Sexiest, Most Suggestive Arlo and Janis

Posted by on February 10th, 2010 at 9:43 AM

Only once, by Pharos Books, has Jimmy Johnson’s excellent comic strip been collected and reprinted in a book: in 1989, Arlo and Janis–Bop ’til you Drop, with a cover picturing of Arlo and Janis bopping. Pharos Books is a Scripps Howard company; and NEA, the syndicate that distributes Arlo and Janis, is also a Scripps Howard company. So Pharos was promoting its own, a scarcely uncommon practice. But nothing since 1989.

When the book shows up in a web search, its price is likely to soar into the hundreds. I just looked via AddAll, and one copy was priced at $560; the cheapest, at $164. I’m glad I bought my copy several years ago when it cost only three bucks in a used book store.

But whatever status I may enjoy for owning the book (and for obtaining it at a bargain basement price) pales at the delight I feel upon reading the strips. The first one in book is the first one, July 29, 1985, and the rest of the content proceeds in chronological order up to April 6, 1986, when the book ends. And all the strips are dated: it is, in short, a great historical document.

Last night, I read through the strips on the first couple dozen pages. The comedy is easy-going. Nothing sudden. No startling moments (well, a few but you scarcely notice). The strip is as relaxed and mundane as ordinary life generally is. Much of Johnson’s comedy is achieved by timing—dribbling out the necessary setup ingredients at a leisurely pace until, finally, without drum roll or rim shot, we get to the punchline. It’s the comedy of everyday life with a husband and wife, father and mother, who used to bop but don’t much anymore. Except, probably, between the sheets.

And not much has changed in the 24 years the strip has been running. The comedy is still relaxed. And Johnson still achieves his hilarities by exercising an exquisite sense of timing. Here are a couple of strips from April 2008.

In the first strip, Janis finds a key on the floor in their bedroom and, somewhat crossly, returns it to Arlo. We don’t know why she seems angry; the bafflement is part of the timing. Then we learn that the key is a key to handcuffs. What have handcuffs been doing in their bedroom? When Arlo tells us “it was your idea,” we leap to the conclusion that the couple had been engaged ( the previous night perhaps) in a little bondage sex. Bedroom, handcuffs—where else could we go with this evidence? And Janis probably didn’t enjoy it as much as she thought she might when she first suggested it.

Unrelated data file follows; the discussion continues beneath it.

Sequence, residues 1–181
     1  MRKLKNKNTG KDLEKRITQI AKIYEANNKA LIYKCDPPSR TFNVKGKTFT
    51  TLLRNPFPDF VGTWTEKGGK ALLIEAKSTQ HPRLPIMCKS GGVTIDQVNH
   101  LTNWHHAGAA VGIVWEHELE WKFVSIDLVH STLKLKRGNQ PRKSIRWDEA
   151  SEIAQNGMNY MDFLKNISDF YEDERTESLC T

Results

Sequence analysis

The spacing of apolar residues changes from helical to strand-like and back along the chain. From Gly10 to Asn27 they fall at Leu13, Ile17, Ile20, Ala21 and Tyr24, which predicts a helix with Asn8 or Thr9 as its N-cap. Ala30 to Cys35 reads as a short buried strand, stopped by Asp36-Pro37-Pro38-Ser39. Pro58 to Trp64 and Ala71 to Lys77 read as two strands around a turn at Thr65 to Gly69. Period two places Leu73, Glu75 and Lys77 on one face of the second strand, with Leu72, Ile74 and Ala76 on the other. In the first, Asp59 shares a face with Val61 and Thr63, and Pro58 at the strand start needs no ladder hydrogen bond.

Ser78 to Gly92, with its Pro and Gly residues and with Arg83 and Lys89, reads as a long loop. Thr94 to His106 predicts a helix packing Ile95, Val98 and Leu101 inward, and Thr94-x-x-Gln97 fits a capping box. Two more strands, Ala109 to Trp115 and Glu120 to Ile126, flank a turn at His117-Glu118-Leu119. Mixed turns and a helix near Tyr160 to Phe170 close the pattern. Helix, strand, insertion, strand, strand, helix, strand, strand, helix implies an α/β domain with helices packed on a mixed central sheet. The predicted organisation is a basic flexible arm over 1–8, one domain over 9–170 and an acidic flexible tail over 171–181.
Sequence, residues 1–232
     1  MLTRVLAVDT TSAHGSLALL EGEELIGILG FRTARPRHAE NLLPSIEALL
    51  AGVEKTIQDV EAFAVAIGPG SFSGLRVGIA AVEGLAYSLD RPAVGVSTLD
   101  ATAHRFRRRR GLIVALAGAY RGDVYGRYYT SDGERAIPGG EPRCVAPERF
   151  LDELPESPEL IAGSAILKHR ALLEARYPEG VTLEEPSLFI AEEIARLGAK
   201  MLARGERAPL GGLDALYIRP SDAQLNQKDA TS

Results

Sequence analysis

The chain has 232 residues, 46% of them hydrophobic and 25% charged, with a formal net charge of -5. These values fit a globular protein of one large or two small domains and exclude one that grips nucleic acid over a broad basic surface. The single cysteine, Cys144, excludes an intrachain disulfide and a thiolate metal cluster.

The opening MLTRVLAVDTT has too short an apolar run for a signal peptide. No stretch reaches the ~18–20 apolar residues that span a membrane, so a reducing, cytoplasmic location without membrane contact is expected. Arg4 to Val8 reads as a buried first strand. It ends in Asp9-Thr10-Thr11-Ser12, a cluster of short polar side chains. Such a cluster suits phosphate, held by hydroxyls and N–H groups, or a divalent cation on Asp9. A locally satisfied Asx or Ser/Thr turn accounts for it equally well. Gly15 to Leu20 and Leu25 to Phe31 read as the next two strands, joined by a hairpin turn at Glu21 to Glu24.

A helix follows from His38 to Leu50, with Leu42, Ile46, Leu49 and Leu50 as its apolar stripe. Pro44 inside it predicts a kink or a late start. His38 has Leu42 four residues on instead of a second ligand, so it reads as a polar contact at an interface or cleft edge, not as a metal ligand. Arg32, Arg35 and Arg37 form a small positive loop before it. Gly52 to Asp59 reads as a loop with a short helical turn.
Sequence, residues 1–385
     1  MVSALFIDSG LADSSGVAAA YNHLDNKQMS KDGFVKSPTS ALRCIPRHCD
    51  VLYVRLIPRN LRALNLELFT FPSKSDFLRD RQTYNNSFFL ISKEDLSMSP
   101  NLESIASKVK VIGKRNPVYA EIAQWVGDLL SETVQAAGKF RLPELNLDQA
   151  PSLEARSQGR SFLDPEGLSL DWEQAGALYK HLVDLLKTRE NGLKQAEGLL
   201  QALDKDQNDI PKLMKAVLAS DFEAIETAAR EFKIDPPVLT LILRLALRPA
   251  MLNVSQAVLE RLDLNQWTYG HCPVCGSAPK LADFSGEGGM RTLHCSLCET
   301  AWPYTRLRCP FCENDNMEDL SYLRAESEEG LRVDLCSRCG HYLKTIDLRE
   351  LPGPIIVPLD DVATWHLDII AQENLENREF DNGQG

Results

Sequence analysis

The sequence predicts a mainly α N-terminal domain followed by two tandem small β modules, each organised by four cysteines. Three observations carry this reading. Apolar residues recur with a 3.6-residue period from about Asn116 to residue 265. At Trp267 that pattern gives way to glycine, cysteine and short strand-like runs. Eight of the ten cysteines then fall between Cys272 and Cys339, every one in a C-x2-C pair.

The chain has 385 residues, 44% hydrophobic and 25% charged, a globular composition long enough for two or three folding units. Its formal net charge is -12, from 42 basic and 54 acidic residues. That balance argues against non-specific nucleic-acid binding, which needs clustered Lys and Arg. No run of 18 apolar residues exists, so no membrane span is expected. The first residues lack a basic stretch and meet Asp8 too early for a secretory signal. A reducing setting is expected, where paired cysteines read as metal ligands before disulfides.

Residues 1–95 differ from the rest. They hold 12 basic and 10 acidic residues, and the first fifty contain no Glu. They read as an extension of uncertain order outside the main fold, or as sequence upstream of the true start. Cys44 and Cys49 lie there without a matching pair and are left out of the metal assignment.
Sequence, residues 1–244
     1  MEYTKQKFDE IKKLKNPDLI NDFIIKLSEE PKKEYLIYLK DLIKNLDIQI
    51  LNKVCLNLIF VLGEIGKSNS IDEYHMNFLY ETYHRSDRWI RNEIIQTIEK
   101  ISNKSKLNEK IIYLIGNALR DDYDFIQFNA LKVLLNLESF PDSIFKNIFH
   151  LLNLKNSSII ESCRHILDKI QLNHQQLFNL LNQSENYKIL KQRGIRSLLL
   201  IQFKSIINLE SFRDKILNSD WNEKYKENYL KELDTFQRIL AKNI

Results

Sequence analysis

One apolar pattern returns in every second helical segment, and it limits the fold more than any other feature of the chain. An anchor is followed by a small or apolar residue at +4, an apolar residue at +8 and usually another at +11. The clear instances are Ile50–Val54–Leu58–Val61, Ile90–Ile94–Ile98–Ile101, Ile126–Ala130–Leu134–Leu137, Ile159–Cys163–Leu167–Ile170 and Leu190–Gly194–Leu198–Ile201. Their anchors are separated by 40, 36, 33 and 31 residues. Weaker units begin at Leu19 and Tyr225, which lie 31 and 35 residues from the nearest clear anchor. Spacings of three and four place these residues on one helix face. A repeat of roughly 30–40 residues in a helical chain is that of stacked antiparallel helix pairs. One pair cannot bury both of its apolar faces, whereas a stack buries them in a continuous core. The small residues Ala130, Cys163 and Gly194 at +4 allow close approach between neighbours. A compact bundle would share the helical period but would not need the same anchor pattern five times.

The humor arises as we realize what all of Johnson’s clues denote: the puzzle posed by the first two (perhaps three) panels is solved by the fourth, and we are so pleased at having solved it that we laugh partly in self-congratulation. And partly at having been given a glimpse of the Days sex life, a glimpse provided by ingenious and elliptical means. We laugh in appreciation of the cleverness of the maneuver.

The next strip Scott Shaw calls “the dirtiest Arlo and Janis ever,” and to show us how he came to that conclusion, he deconstructs the strip at his oddballcomics.com site. Here’s Scott:

Let’s work backwards; the only foreknowledge you need here is that Ludwig the cat sleeps on the foot of Arlo and Janis’ bed.

Panel 4: “And the dish ran away with the spoon.”

Panel 3: “The cat and the fiddle” (a visual allusion leading to “the cow jumped over the moon” but missing “the little dog laughed”)

Panel 2: A confusing one: at first I thought he was referring to another nursery rhyme (“the mouse ran up the clock”) but then I realized this was just a transition panel linking the first and the third.

Panel 1: “Hey, diddle, diddle.”

RCH again: So, to run through it in order—now with some insights collected as we went from the end to the beginning—the cat on the foot of the bed witnesses Arlo and Janis “diddling” (a slang term for sexual intercourse, remember?) and, inspired by that verbal prompt, the cat leaves to get his fiddle, presumably taking with him some dishes and spoons on his way to witness the cow jumping over the moon. All nonsense, of course—all designed to make us think “diddle diddle” at some point. And now we know that the lumpy bedcovers in the first panel were probably moving, waking up the cat.

And we wouldn’t have known without reading the strip a second time, this time from back to front. (I would never have guessed without Scott’s deconstruction.)

Johnson doesn’t do this sort of thing often. Too complicated and vague. But enough of the strip’s humor originates elliptically in the unspoken between speech balloons to suggest the kind of comic mind Johnson has—the kind I relish and savor.

Wikipedia tells us that another Arlo and Janis collection may yet appear. Hope so.

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